Summary: Kudakwashe Zireva campaigns for mining in Zimbabwe that doesn’t damage the land, impoverish the people, or provide an unsafe and unhealthy environment for citizens. Village heads and governmental agents have harassed him for his activism, but he remains adamant in advocating for changes in the mining industry—an industry that provides financial rewards for a chosen few but endangers many others.
Profile: Zimbabwe is rich in minerals, including diamonds, gold, platinum and chrome. The problem is that the financial rewards from mining this bounty benefit only a very few, most of whom work for or with the government. In addition, minerals are extracted in Zimbabwe with little thought to protecting the environment, adding to the suffering of those living near mining operations.
Kudakwashe Zireva founded the Mhondongori Community Development Trust to campaign for reforming the mining industry—fighting the environmental degradation caused by mining and working for years to gain just compensation for his fellow citizens affected by mining. Some of those citizens may have been killed in the mines, or they may have lost their land or livestock as a result of mining operations.
“As a native of this area,” says Zireva, “I realized it is within us to ensure that we preserve our environment from further damage . . . this has resulted in serious loss of both human and animal life.”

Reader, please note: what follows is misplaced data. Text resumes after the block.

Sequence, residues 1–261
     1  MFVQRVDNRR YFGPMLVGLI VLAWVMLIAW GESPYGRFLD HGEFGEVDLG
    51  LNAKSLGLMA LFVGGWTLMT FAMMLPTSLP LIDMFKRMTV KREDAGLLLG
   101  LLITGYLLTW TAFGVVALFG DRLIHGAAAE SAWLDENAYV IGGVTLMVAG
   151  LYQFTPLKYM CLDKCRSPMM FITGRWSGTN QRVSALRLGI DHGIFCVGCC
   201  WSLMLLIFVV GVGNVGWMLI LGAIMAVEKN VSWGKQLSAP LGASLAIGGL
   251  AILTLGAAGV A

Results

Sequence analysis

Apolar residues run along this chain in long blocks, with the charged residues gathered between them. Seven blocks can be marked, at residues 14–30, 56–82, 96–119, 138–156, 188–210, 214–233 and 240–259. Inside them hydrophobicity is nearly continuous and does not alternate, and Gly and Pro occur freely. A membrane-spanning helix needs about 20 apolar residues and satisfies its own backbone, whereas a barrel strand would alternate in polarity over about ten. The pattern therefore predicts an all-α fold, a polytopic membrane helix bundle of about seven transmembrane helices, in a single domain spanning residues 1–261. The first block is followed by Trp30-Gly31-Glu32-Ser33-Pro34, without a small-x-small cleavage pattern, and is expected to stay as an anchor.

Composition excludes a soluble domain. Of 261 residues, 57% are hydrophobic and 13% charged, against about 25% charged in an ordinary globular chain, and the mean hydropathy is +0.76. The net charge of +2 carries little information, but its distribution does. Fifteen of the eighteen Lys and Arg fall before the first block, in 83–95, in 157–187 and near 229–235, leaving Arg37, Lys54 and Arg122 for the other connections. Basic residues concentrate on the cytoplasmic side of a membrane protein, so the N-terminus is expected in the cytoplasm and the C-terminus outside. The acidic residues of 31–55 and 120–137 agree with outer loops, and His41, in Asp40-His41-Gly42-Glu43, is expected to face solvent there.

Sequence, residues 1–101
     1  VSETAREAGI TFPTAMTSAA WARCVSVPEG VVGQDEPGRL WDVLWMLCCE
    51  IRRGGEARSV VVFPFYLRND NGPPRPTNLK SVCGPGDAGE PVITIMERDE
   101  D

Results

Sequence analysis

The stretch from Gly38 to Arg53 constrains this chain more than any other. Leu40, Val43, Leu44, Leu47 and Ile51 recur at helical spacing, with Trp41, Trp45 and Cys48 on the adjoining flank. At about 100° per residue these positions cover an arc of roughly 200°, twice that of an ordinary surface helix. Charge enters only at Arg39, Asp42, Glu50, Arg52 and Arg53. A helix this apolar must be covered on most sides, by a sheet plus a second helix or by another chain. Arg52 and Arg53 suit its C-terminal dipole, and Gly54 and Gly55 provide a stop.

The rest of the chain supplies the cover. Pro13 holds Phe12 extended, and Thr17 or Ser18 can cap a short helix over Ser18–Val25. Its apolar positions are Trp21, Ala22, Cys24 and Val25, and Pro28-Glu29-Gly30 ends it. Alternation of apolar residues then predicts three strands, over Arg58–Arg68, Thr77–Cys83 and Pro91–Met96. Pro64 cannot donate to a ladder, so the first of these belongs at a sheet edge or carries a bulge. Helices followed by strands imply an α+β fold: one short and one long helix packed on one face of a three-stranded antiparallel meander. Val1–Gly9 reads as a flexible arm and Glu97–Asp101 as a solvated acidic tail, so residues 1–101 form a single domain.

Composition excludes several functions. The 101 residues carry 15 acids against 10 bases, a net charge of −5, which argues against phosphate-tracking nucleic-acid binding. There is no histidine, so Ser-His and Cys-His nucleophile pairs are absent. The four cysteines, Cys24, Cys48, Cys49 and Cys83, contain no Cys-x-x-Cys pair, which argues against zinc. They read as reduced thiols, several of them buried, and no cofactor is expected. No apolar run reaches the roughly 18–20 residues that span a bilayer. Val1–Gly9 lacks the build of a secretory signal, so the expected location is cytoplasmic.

As you might imagine, he’s encountered resistance—first from company officials and second from corrupt heads of villages who have been taking money from the companies in exchange for letting them do what they want. “These companies,” asserts Zireva, “bribe the village headmen by providing them with cheap items such as food hampers and fuel so that they won’t question their operations in the area.”
Zireva has also been harassed on numerous occasions by people associated with ZANU-PF, the ruling government party, who are working in cahoots with the local headmen and chiefs. Zireva charges that these ZANU PF members are being bribed by Chinese mining investors to silence villagers’ grievances and to allow more environmental damage. Meetings Zireva holds with various communities have been disrupted by rowdy youths acting on the behest of the village heads.
Zireva is not just about complaining; he’s provided positive examples of how environmentally-friendly mining could benefit more people. But his focus remains on the damage caused by those who don’t care about whom they harm, for example by constructing dams that deprive downstream communities of water and by clearing land that results in loss of forest cover.
Zireva has found some, but not many, receptive ears in the government about the need for mining companies to be transparent and accountable. There’s a long way to go, but he’s determined to stave off harassment and government obstacles in order to protect the land he loves and the people who live on it.